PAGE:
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Robin Hood : the English outlaw unmasked by David Baldwin

By David Baldwin

The id of Robin Hood is among the nice old mysteries of English historical past - formerly. every person has heard of Robin Hood, the bright archer who 'robbed the wealthy to provide to the bad' and who consistently triumphed over the forces of evil, however the guy at the back of the legend is as mysterious as King Arthur. there have been outlaws who lived within the royal forests preying on unwary tourists, and Robin Hoods whose names are recorded in ancient files: yet nobody has been in a position to turn out that this kind of genuine Robins used to be the person whose exploits have been honored in ballad and track. David Baldwin units out to discover the true Robin Hood, trying to find clues within the earliest ballads and in professional and felony records of the 13th and fourteenth centuries. His seek takes him to the stricken reign of King Henry III, his conclusions flip historical past on its head and David Baldwin unearths the identify of the fellow who encouraged the stories of Robin Hood.

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It was unlikely that his past would catch up with him if he led a subsequently blameless life. Modern films and novels have often portrayed Robin as a leader of the discontented, but there is no hint of this in the earliest 31 Robin Hood stories. He resists the sheriff and some churchmen because they are corrupt and unjust, but does not resent them because their lives are more comfortable than those of the peasantry. The forest outlaws also wanted to live well and make money, but they did not seek to change the way society was ordered.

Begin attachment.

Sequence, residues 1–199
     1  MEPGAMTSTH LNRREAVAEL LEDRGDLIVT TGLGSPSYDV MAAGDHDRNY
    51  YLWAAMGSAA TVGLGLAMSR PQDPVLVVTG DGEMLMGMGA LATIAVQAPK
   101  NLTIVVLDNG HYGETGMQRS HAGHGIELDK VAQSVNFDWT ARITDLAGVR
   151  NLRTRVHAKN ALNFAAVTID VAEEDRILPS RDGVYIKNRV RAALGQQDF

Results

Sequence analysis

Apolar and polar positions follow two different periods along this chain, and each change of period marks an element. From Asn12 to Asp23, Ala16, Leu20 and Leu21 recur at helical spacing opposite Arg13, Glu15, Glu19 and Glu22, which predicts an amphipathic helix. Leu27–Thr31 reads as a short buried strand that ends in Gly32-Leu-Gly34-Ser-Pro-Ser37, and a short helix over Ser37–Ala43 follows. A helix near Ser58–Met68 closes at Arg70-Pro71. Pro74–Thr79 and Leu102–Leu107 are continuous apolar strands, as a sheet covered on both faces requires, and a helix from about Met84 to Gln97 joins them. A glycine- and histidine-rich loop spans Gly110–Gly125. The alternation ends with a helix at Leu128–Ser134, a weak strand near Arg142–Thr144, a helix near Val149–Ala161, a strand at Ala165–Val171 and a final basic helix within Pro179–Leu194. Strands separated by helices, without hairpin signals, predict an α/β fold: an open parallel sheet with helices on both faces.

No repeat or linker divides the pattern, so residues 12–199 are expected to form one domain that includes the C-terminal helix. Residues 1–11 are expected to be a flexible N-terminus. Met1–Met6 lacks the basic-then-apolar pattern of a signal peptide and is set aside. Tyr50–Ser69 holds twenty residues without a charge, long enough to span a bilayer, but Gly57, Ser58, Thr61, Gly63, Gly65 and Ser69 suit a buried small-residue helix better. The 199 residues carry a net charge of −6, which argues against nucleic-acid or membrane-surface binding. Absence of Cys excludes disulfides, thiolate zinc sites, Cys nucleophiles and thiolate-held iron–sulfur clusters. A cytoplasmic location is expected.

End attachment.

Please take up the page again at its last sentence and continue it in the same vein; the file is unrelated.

7 So does this mean that the earliest ballads came into being some little time before 1377, and did not exist say, fifty or a hundred years earlier? Not at all. ’8 Langland, Chaucer and Sir Thomas Mallory could not have penned their masterpieces in the intellectual milieu of the thirteenth century, and peasants, and perhaps even knights, would always have enjoyed listening to good stories told in their own everyday language. The ballads may not have been committed to writing until after 1377, but versions of them, learned by heart and passed from one minstrel to another, could have been circulating many years before.

13 Robin’s base, the outlaws’ raison d’être in the ballads, was the forest, more specifically the large areas of woodland that Norman and later kings had made their private hunting grounds. The harsh laws that protected these royal forests were bitterly resented by those who were denied access to them, and their repeal was one of the reforms demanded by the peasant leader Wat Tyler as late as 1381. It follows that those who resisted this ‘injustice’, who cocked a snook at authority by living in the forests and poaching the venison, would become heroes to ordinary people, and there would have been many whose careers mirrored Robin’s even if they were called by other names.

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